How do plants and cyanobacteria produce net positive oxygen if they need to also metabolize oxygen for energy production?

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As I understand, plants use 6 carbon dioxide molecules to make 6 Oxygen molecules and 1 glucose molecule. However, to metabolize that glucose to use as an energy source requires using up another 6 Oxygen molecules, with no net production of oxygen. How did the Great Oxidation Event happen if oxygen produced by photosynthesis needs to also be burned when metabolizing the glucose?

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Plants and phytoplankton produce sugars from CO2. Some of those sugars, they later burn for energy, but some of them are used to grow the plant or propagate the plankton.

So, the sugars that

For your question, you have to assume that they are producing glucose and consuming glucose for energy at the same rate. They are not. One reason is the normal day/night cycle. Photosynthetic organisms have to produce enough glucose during the day to sustain them through the night when they cannot produce glucose. So, during the day they will net produce oxygen, while at night they will net consume oxygen.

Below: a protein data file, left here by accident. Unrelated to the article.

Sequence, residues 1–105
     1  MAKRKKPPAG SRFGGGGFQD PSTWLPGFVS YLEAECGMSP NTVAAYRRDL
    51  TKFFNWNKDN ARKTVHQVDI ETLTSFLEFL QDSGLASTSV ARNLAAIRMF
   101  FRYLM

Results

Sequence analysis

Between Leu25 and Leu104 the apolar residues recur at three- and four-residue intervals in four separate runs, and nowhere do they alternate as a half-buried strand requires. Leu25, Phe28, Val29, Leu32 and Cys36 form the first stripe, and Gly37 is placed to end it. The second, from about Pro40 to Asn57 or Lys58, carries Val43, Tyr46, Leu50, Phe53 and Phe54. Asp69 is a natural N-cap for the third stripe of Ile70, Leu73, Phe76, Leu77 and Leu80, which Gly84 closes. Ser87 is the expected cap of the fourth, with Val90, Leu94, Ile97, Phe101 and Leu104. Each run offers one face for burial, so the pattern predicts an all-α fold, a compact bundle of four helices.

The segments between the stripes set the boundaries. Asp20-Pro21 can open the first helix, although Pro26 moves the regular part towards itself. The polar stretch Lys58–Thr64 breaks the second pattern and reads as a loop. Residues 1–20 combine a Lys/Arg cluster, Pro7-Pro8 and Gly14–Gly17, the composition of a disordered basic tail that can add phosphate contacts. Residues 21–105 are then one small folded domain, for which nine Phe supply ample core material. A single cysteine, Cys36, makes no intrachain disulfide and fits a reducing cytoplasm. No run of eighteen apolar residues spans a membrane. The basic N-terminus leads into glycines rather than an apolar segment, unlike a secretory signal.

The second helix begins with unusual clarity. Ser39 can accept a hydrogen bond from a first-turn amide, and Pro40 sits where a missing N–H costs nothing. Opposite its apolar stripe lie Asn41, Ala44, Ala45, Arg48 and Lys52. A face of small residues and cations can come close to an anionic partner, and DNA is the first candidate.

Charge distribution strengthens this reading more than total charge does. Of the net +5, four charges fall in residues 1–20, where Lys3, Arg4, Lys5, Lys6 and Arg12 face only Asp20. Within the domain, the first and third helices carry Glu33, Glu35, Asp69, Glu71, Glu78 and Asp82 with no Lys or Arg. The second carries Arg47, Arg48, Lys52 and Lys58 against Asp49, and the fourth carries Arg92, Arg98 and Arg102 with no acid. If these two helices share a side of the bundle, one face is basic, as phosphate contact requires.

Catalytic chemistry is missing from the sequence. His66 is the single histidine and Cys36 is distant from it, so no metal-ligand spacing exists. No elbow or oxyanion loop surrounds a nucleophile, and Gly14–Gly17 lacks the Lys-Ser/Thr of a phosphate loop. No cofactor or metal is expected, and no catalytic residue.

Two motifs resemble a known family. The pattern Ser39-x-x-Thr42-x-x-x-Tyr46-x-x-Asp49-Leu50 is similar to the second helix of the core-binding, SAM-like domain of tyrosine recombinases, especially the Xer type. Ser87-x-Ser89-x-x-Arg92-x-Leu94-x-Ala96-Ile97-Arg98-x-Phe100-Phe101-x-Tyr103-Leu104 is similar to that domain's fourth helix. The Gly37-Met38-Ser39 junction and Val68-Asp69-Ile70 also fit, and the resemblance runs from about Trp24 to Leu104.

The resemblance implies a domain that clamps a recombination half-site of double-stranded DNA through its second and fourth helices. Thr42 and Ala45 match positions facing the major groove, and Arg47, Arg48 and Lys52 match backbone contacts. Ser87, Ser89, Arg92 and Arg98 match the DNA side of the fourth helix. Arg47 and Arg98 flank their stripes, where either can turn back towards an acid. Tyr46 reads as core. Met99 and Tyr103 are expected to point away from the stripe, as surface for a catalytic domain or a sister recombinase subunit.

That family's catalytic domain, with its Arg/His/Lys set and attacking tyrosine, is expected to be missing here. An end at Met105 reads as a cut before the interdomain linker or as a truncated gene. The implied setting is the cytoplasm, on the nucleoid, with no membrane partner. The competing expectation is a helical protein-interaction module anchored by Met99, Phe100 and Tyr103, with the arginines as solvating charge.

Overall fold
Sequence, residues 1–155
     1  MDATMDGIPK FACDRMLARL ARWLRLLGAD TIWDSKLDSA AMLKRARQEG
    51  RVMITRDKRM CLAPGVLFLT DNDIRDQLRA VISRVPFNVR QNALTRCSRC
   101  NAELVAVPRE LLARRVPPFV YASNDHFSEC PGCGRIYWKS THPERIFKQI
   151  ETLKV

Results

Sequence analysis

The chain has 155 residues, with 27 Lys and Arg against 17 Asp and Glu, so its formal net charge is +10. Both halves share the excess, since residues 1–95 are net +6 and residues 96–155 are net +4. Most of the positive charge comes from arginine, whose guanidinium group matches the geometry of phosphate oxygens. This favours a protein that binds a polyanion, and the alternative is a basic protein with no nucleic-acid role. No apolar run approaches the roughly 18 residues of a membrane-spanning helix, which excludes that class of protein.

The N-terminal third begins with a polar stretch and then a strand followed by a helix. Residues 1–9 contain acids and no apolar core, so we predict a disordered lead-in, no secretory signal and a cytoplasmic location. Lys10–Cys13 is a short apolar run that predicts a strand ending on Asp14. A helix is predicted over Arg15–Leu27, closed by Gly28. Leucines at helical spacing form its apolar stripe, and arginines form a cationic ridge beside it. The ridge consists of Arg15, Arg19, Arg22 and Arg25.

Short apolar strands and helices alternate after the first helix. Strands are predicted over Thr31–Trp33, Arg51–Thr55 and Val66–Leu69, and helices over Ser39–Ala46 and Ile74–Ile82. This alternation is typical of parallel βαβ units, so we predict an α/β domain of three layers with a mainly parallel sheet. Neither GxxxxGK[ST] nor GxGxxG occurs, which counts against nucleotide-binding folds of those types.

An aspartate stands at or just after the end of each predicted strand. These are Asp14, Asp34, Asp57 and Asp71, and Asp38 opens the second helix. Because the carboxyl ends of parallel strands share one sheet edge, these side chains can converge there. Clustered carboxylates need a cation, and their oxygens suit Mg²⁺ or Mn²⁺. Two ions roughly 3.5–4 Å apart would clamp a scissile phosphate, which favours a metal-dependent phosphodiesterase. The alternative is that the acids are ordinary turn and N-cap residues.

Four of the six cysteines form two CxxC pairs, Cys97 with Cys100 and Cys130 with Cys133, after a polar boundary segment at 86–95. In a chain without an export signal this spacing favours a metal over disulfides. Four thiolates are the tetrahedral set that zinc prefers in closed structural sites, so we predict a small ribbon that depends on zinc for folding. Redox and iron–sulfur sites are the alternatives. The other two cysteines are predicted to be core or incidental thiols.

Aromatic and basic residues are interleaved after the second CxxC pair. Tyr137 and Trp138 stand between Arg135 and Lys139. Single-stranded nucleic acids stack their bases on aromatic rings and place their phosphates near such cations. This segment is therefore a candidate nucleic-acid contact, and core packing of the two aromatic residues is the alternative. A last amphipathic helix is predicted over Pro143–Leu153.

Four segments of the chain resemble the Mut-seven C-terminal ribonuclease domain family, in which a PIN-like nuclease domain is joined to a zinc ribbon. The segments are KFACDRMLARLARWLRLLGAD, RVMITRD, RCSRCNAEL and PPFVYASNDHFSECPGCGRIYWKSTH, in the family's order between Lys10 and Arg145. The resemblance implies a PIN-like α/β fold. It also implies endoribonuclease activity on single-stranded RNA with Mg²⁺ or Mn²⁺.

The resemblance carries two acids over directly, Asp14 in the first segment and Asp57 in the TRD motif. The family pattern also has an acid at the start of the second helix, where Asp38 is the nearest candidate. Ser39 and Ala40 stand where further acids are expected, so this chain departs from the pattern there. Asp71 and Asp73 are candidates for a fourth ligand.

A similar cycle happens across the seasons. During the summer, the direct sunlight allows for more production of glucose. During the winter, the indirect sunlight and shorter daylight hours mean less production. For deciduous tress, that becomes *zero* production. You can see that in [graphs like this one](https://www.climate.gov/sites/default/files/styles/full_width_620_original_image/public/2021-10/ClimateDashboard-atmospheric-carbon-dioxide-graph-20211004-1400px.jpg?itok=W57BtpJB) showing CO2 levels. The zig-zagging of the line is showing the seasonal change in CO2 because the northern hemisphere contains more trees, so when it’s in the winter season the overall CO2 level of the Earth goes up as those trees fail to consume CO2 and produce oxygen.

Not all of the glucose is consumed for energy. Plant cell walls are made of cellulose, which is made of long chains of glucose stuck together. As the plant grows, it *sequesters* the carbon – locking it into the cellulose, which is a net consumption of CO2 and net release of O2. Similarly, whenever the organism is consumed as food by something else, some of that carbon is going to get incorporated into the structures of the body and not released as CO2.

The structures that they create are net oxygen positive, if you then burn the entire structure like trees or historically speaking oil and coal then you are releasing the carbon dioxide that the plant locked up and use up the oxygen.